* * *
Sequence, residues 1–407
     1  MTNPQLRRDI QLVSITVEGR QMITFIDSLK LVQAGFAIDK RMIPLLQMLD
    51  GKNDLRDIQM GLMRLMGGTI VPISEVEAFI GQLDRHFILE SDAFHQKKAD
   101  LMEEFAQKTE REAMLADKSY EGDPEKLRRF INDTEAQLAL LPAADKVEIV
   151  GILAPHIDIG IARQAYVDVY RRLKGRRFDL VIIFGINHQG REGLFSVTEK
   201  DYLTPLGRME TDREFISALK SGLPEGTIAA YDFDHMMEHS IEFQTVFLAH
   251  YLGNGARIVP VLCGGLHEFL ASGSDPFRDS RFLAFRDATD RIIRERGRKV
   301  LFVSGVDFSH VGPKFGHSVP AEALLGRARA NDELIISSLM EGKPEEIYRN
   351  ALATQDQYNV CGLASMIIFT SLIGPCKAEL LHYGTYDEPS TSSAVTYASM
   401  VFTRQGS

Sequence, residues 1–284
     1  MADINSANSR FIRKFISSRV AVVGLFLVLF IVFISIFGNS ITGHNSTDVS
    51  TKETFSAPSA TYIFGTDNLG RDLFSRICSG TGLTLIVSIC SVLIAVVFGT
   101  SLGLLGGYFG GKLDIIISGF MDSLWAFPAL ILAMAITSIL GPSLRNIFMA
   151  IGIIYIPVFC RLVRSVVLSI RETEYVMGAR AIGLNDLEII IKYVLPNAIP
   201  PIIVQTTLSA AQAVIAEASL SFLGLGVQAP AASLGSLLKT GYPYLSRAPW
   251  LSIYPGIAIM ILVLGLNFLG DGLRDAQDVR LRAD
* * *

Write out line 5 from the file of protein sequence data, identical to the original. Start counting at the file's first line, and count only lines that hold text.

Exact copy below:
   151  GILAPHIDIG IARQAYVDVY RRLKGRRFDL VIIFGINHQG REGLFSVTEK